We often forget that intellectual property rights – such as copyright, patents or trademarks – are not ends in themselves, but instruments at the service of development, creativity, innovation and welfare. Today, for World Intellectual Property Day 2019, we want to show this side of intellectual property, and how it has an impact on libraries and similar institutions.
Like all tools, they can be used well, or badly, and in some circumstances may even simply not be relevant. Copyright can contribute to these objectives, as long as the right legislation is in place.
However, it is not the case that more rights mean better outcomes. Scholars have underlined on several occasions how more flexibility contributes to development, rather than stronger protection. Exceptions and limitations are therefore key for many public interest activities. Copyright is not complete and does not fulfill its purpose without them.
In particular, when copyright laws are only written with the industry or and legal practitioners, there is a tendency to forget its strong impact on other sorts of institutions or activities. Unbalanced, unrealistic or unreasonably complicated laws can be a real problem for cultural heritage institutions for instance, whose staff have the important duty of understanding and interpreting copyright, and guiding users, students, authors and researchers through what they can and cannot do.
Copyright needs to be mindful of its impact beyond the most obvious commercial activities. Here are a few examples of where intellectual property has an impact, and so where relevant stakeholders’ views should be taken into account. Libraries, of course, have a key interest in all of these:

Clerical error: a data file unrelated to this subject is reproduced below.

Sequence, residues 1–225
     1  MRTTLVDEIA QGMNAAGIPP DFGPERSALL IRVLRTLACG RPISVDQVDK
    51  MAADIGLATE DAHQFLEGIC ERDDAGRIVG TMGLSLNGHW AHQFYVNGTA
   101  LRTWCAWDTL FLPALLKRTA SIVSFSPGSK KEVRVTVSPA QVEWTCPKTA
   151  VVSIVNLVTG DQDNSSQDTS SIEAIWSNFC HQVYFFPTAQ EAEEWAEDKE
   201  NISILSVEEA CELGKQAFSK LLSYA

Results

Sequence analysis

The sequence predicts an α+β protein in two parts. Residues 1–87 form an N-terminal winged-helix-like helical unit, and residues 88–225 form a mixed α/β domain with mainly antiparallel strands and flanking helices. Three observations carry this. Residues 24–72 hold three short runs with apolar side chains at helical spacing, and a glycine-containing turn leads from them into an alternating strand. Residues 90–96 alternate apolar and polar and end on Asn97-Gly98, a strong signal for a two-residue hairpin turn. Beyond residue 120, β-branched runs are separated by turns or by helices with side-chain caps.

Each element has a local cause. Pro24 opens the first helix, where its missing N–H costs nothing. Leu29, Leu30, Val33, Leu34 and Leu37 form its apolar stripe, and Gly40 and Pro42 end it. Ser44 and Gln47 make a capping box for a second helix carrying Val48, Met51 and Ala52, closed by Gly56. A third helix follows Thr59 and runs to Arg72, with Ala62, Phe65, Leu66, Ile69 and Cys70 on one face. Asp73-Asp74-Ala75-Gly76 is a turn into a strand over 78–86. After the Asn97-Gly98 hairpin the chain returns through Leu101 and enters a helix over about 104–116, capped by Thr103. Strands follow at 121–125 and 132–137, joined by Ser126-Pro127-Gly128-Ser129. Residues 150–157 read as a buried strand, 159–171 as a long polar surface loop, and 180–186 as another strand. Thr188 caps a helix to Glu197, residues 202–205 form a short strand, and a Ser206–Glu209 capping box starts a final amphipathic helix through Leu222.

Copyright is important for cultural heritage
Cultural heritage institutions hold collections of items protected by copyright law. Even if some are not necessarily protected, it is sometimes difficult to confirm this (when did the author die? Should the work be considered as being subject to copyright?).
Any activity involving such materials is then affected by copyright law, from public lending (in some countries), to preservation, to digitising and making available orphan works. Unless copyright adapts to support these activities, it will fail to promote this public policy goal.
Copyright is important for research
Here again, decisions taken around copyright have a major impact. Most research material, for example articles, monographs or theses, have copyright protection. Apart from traditional issues such as plagiarism, or quotation (which should be protected by an exception under international law), new challenges arise as technology evolves.
Text and data mining (TDM), a form of processing information by machine, often involves copying, and so raises questions of whether the content processed is protected by copyright. If it is, then either permission is needed for every single work protected (impossible to manage), or a solution such as an exception is needed.
Exceptions for TDM, as well as other research copying, can make a real contribution to strengthening innovation and scholarship, while protecting the market for original works.
Copyright is important for education
Education is all about exchanging and sharing information. Information is present in the classroom, in forms of textbooks or online material displayed, at home with homework, or during examinations. Copyright has a strong influence on how education is provided, as it is applicable to most materials.
Traditionally produced textbooks, as well as digital course ware, play a helpful role, alongside open educational resources and materials produced specifically by teachers for their classes. Such materials should benefit from copyright protection, in order to reward the work of authors.
However, such rules should not stand in the way of educational uses which do not harm markets, or indeed make it unduly hard to create and share open educational resources. As set out in the provisional report by Professor Raquel Xalabarder at the most recent meeting of the World Intellectual Property Organisation’s Standing Committee on Copyright and Related Rights, the primary goal must be to make it easy for teachers to teach.
Copyright should be seen as a tool, amongst others, for achieving broader ends, including creativity, innovation, and the public interest activities such as the ones described in this above.